Orthostatic Vital Signs to Evaluate Medication Effects

Peter ForsterPhysical Conditions and Health, Self Care Leave a Comment

Many of the medications that psychiatrists prescribe can affect the body’s ability to respond to changes in blood pressure that occur naturally when you stand up, after being in a sitting or lying position for some time – orthostatic vital signs are taken as part of an evaluation of that risk.

Heart rate and blood pressure should be obtained when lying down, when sitting up, and after standing.

Recall that you should be using a cuff that wraps around your upper arm and is not too tight or loose (it is important to have the right size of blood pressure cuff). You can read more about how to use a blood pressure cuff and which ones are accurate in this blog post. The cuff should be located at the same height as your heart.

  • Record lying blood pressure and heart rate.
  • Sit up straight and check your blood pressure again, as soon after you sit up as possible. You may have to have something to rest your arm on so that the blood pressure cuff remains at the same height as your heart when you sit up. Record sitting blood pressure and heart rate.
  • Finally, stand up and record your blood pressure immediately after standing up and then, again, five minutes after standing up. You will definitely need to have a shelf or something else to rest your arm on when you take the blood pressure.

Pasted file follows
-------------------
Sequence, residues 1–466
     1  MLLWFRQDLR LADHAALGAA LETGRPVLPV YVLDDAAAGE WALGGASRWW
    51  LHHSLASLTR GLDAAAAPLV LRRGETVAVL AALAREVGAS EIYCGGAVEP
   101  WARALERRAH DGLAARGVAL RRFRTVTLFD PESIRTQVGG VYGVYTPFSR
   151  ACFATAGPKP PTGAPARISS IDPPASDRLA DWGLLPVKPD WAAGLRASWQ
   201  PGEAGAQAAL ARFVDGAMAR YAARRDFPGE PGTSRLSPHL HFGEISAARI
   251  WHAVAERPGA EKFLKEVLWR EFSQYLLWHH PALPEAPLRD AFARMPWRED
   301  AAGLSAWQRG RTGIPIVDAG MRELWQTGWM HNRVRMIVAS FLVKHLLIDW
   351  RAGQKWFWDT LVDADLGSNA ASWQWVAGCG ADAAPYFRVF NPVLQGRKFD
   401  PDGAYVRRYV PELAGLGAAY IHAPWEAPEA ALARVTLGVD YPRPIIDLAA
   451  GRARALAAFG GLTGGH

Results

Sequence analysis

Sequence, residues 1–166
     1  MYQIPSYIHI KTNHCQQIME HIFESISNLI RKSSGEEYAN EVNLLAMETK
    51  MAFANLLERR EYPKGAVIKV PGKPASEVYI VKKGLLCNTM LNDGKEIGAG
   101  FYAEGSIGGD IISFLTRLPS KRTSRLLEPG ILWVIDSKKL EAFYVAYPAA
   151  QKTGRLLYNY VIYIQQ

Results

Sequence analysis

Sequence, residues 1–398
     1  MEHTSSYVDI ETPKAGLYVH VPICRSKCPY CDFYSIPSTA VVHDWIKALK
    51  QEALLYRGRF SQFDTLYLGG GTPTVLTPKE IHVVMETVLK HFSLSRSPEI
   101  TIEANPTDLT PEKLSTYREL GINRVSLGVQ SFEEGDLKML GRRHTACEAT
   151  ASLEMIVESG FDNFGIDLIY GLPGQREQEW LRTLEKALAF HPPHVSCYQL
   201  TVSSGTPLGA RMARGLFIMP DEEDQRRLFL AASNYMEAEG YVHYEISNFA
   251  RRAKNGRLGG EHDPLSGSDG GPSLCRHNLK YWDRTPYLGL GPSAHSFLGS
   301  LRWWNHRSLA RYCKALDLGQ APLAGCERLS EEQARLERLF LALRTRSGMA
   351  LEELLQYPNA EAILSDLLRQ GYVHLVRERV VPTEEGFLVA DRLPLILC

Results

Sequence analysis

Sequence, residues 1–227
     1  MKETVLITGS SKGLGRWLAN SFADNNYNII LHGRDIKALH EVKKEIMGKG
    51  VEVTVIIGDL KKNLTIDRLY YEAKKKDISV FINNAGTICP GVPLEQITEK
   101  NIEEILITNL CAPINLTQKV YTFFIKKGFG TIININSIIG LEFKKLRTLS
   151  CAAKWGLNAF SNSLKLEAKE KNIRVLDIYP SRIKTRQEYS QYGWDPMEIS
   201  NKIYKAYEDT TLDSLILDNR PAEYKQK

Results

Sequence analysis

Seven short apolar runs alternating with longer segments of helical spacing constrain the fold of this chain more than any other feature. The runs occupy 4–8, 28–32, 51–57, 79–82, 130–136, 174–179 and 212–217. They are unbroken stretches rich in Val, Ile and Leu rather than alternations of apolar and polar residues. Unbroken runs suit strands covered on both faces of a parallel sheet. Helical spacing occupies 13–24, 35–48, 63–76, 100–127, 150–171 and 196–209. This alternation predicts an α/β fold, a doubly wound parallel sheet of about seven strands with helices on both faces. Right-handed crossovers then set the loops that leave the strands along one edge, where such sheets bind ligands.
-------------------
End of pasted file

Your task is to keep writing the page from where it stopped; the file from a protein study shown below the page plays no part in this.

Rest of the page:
These measurements may detect susceptibility to orthostatic hypotension (OH) – which is a drop in blood pressure that may cause fainting or dizziness.

A drop of ≥20 mmHg (>30 mmHg if you have hypertension) in systolic pressure (the larger number) and/or a drop of ≥10 mmHg in diastolic pressure (the smaller number) is considered diagnostic of OH. An increase in the heart rate, even if there is not a big drop in blood pressure may be a sign of OH.

These numbers should only be used as rough guides and should not be considered definitive proof of the source of dizziness or fainting, discuss the findings with your doctor.


Syncope in adults: Clinical manifestations and initial diagnostic evaluation. Up to Date online. 2022.